dimanche, août 16, 2015

Did Jesus really say «blessed are the queue-jumping knifemen?»

Peter Hitchens peut être très saignant :

Did Jesus really say «blessed are the queue-jumping knifemen?»

Vous savez à quel point m'irrite l'attitude gnagnan, mollassonne et bisounours et, pire que tout, suicidaire de certains chrétiens jusqu'au plus haut sommet de la hiérarchie. Visiblement, je ne suis pas le seul.

On a le droit de ne pas être chrétien, mais, quand on est chrétien, si on pouvait éviter d'être con comme un balai ....

C'est, bien sûr, moi qui souligne :

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Christians ought to be thinking about such things [l'immigration et les immigrés, notamment à Calais].

But thinking is what these prelates and preachers are not doing. Is it as simple as they claim ? I am far from sure. The founder of the Christian church was not actually a guerrilla fighter or a Russell Brand-type demagogue. He had nothing against people obeying laws or fulfilling their obligations. I’d say, rather the opposite.

He was himself a genuine refugee, hiding in Egypt from the real, murderous wrath of Herod. But when the danger was past, his family didn’t settle in Egypt but returned home. Nowhere in the Beatitudes did Jesus say ‘Blessed are the queue-jumpers’, trying to gain an advantage at the expense of others. This is what the people at Calais are. They are not prepared to apply for asylum or seek visas and work permits in the normal way. Their actions make people in this country less willing to grant any asylum, or to welcome any migration. They force their way into lorries and trains, or break down a lawfully constructed fence, sometimes clutching drawn knives as they do so. Many destroy their passports so that the truth about their origins and claims can never be proved. Why precisely is it Christian to endorse this behaviour ?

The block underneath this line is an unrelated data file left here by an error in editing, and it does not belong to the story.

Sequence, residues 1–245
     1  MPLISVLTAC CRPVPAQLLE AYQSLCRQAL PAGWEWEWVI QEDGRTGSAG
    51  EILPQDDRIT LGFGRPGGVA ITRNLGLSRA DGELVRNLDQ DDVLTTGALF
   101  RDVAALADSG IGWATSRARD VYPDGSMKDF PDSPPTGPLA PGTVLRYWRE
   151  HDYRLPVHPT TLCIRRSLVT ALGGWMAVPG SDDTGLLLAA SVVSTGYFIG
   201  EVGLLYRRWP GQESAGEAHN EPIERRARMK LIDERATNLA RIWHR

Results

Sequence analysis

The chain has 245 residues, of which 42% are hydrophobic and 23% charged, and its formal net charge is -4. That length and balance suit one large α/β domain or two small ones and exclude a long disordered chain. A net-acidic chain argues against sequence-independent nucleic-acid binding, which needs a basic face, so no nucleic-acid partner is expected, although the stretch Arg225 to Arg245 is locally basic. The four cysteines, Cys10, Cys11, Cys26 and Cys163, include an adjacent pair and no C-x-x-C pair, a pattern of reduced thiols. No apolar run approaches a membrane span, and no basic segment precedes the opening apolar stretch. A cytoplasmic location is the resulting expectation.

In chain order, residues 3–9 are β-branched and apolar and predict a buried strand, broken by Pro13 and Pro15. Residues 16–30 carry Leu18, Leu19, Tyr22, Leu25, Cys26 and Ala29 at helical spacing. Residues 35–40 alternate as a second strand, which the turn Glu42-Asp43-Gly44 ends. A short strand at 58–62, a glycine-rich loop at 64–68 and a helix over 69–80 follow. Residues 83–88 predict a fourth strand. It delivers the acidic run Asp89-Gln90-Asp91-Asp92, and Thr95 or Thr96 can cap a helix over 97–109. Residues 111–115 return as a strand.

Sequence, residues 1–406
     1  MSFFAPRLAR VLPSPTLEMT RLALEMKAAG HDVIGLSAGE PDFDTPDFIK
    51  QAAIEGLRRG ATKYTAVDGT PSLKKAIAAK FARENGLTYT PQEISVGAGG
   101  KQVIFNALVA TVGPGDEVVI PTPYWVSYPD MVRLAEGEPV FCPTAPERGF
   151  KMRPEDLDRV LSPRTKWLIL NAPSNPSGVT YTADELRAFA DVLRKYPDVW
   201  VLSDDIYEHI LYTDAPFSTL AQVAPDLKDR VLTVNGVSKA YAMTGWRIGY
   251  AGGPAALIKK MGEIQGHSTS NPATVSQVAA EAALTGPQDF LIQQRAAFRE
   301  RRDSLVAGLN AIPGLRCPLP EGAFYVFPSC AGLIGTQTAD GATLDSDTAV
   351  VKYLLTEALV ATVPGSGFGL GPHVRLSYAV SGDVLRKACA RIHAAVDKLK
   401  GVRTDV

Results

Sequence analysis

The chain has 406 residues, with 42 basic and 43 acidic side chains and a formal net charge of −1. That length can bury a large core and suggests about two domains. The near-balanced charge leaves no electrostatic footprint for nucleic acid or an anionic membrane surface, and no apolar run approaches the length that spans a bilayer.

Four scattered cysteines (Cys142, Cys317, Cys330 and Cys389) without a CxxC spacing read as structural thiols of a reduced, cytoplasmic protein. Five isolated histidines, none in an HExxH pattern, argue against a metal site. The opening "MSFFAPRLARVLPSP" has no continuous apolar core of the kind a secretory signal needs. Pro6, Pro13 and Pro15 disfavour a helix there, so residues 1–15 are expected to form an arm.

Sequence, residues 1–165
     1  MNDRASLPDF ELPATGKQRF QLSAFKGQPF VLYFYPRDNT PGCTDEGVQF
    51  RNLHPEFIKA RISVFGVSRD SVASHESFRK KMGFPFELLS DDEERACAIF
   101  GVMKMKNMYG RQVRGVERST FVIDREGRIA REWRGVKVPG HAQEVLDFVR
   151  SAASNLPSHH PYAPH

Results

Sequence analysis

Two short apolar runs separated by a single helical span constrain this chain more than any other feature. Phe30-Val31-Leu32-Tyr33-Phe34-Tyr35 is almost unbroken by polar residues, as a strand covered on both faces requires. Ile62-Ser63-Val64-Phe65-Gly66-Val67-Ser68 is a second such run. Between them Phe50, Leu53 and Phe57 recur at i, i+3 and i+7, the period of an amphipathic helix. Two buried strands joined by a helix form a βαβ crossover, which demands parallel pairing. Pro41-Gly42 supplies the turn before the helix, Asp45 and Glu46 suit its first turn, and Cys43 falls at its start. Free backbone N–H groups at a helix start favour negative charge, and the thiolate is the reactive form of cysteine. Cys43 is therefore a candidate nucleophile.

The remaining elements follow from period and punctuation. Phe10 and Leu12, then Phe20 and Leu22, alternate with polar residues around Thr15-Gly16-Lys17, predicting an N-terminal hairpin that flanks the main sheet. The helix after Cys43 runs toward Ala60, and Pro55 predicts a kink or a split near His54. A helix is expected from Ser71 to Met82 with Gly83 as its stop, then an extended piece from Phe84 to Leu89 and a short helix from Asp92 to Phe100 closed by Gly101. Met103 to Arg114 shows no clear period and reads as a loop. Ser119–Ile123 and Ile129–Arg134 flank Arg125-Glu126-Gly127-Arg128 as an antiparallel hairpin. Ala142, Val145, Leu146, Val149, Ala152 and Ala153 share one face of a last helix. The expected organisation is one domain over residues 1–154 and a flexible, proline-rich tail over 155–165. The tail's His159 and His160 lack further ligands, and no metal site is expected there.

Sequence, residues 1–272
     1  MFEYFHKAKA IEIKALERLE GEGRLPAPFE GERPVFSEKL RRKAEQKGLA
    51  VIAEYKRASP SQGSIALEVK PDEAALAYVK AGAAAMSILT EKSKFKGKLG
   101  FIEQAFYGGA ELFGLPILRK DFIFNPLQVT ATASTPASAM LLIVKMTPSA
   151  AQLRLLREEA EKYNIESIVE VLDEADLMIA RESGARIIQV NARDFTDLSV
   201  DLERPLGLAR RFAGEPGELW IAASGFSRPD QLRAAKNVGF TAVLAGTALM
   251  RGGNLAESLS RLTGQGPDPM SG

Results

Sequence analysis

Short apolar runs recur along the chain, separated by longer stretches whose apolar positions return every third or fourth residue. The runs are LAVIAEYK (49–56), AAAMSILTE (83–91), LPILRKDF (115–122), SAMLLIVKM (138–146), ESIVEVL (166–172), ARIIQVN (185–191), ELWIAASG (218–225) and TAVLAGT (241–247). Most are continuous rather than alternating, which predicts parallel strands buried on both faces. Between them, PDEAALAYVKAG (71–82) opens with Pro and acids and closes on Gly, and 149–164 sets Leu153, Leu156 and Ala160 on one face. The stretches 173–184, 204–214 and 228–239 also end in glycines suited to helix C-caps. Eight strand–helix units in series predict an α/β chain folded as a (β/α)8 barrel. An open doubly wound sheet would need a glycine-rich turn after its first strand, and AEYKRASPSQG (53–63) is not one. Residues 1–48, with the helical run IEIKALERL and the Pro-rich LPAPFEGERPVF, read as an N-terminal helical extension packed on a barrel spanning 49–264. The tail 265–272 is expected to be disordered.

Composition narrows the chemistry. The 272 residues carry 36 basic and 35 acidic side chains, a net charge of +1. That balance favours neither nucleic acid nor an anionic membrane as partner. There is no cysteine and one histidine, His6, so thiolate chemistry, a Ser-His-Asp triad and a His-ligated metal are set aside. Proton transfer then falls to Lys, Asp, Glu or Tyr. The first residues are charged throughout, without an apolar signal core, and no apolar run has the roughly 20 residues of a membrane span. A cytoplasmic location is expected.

As the Left-wing media have rightly been pointing out, only quite a small share of the migrants arriving in Europe from Africa and elsewhere actually end up at Calais. They are already out of danger (if they were ever in it) and have chosen to be there.

As for the parable of the Good Samaritan, the hero of the story didn’t tell other people to be compassionate and generous. He did it himself. I am full of admiration for any individual who offers to take such migrants into his own home indefinitely, and to bear the charges (as the Good Samaritan did) of their housing, food and medical treatment.

But I have none at all for the pulpit Samaritan who tells others in our overcrowded country that they must suffer for the sake of his own peace of mind.
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